Burn Season

A friend asked me recently when was the best time to visit the Flint Hills. I found it is an impossible question for me to answer. First I said “Early summer when everything is so green! But, fall is great too when the grass is tall and brown. And, winter when the hills are covered in snow, or sometimes even ice as I mentioned in this post. Oh and burn season, now that’s just cool. I think by this point, I had pretty much lost her and finally I said, I can’t tell you the best time to go. I love every season, the hills look so different with each one.

Burn season does hold a special place in the heart of an eastern Kansan. The sight and the smell of burning grass can only mean one thing; spring has arrived in our state. Being in the Flint Hills during this “season” provides a mixture of scenery. Some of the hills are still covered in dead, brown grass awaiting their turn with the fire, others are on fire, billowing smoke high into the air, some are black from a recent burn, while other areas are starting to show new growth through the charred remains of last years grass. It’s quite a sight. And, one I’d surely miss were I ever to leave this area of the country.

The fires are intentionally set and closely watched. They serve multiple purposes; once the old grass has burned off, new healthier grass can grow. This new grass makes the Flint Hills prime grazing land for cattle who come in by the hundreds from as far away as Georgia. The burnings also keep the grassland from becoming a woodland, by keeping young saplings from growing into trees. Without these burns, started centuries ago by Native Americans, these amazing vistas of tall grass wouldn’t exist at all.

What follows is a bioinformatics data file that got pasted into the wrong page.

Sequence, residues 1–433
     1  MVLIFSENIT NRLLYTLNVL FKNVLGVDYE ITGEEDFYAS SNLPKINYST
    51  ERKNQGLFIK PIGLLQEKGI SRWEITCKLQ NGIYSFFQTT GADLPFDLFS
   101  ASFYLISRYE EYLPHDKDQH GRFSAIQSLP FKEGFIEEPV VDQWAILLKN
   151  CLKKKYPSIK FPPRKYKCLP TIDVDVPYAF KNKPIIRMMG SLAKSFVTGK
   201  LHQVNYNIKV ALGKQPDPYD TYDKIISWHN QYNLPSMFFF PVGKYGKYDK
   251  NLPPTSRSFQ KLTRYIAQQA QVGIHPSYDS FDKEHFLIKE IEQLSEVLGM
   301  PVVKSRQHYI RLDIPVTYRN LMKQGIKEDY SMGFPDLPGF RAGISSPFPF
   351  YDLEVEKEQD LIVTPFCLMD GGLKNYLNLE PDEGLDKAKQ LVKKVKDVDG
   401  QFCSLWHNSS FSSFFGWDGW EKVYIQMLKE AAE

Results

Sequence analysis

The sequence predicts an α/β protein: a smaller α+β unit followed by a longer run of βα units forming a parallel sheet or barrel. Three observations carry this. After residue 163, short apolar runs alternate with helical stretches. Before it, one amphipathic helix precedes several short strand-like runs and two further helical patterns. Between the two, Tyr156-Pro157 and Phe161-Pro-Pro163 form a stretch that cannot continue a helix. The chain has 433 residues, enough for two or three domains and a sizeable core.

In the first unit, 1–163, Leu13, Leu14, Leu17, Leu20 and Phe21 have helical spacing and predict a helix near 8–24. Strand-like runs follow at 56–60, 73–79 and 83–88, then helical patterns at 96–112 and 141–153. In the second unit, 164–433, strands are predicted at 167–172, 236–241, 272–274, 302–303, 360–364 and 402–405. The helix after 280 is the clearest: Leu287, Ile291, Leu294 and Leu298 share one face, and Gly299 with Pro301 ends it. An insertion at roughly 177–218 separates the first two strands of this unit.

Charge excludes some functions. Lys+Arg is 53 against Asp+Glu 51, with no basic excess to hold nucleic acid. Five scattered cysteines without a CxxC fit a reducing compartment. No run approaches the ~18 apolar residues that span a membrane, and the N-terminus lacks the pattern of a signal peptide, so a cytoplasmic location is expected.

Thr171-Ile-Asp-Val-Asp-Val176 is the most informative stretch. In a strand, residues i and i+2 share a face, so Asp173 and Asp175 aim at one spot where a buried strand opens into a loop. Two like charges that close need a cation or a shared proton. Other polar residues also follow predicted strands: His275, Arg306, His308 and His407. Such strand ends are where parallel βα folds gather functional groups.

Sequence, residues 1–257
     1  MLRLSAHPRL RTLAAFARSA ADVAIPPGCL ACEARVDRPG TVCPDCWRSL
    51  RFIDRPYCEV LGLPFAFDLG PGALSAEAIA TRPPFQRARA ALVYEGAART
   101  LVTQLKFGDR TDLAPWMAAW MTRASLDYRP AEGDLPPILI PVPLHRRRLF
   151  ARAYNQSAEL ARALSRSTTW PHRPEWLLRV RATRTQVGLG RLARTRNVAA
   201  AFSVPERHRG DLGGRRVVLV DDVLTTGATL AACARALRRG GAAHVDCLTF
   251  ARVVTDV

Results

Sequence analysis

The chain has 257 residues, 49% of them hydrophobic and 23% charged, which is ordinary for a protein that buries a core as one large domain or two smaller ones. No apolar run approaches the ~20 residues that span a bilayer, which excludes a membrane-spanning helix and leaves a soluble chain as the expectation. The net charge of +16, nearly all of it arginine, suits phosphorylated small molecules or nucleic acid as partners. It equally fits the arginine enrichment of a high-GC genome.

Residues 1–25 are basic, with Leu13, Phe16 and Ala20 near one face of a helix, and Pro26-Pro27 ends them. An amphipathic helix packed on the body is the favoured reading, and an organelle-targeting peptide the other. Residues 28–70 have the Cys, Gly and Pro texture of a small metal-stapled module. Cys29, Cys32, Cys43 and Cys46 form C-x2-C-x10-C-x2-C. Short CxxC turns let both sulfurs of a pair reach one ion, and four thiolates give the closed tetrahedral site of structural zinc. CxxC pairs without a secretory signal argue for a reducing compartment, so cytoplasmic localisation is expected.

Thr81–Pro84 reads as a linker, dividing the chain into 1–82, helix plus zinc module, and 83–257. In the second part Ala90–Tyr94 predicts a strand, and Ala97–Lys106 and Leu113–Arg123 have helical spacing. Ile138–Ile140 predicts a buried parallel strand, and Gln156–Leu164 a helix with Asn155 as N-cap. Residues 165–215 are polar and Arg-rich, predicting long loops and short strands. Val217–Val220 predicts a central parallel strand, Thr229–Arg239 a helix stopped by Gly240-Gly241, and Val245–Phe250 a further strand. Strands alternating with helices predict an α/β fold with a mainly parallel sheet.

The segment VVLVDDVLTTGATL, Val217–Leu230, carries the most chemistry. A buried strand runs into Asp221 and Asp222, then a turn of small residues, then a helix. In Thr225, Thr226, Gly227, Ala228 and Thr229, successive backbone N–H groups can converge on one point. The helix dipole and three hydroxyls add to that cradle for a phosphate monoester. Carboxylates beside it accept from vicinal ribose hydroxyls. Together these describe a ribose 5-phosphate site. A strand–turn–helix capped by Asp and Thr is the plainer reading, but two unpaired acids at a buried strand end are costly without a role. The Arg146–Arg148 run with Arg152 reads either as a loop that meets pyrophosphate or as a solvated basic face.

I highly recommend a visit to the area during burn season, it’s a sight you’ll not likely forget. And, while your first thought might be “they’re just a bunch of black hills”, take a minute to look around and appreciate the community that bands together each year to protect this region and preserve it, in it’s natural state. Maybe even take another trip back just a few weeks later and marvel at how quickly the new grass grows in and just how green it is.

Leave a Reply

Fill in your details below or click an icon to log in:

WordPress.com Logo

You are commenting using your WordPress.com account. Log Out /  Change )

Google photo

You are commenting using your Google account. Log Out /  Change )

Twitter picture

You are commenting using your Twitter account. Log Out /  Change )

Facebook photo

You are commenting using your Facebook account. Log Out /  Change )

Connecting to %s